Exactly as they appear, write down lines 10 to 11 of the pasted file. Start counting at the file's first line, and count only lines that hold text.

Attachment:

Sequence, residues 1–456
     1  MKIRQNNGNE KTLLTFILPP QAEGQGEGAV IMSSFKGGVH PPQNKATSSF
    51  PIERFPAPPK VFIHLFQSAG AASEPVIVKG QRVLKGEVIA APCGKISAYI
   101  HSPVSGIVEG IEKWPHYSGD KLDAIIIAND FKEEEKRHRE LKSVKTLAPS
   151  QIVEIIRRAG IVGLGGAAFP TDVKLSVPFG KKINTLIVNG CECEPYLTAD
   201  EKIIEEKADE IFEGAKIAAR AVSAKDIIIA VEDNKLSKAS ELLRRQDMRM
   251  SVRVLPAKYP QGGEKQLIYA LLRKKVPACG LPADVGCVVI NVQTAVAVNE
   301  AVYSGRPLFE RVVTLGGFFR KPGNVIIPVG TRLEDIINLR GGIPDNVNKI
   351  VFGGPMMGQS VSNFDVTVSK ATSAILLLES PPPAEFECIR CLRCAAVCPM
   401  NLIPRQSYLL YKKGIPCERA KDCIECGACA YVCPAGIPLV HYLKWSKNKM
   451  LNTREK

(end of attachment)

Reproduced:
   401  NLIPRQSYLL YKKGIPCERA KDCIECGACA YVCPAGIPLV HYLKWSKNKM
   451  LNTREK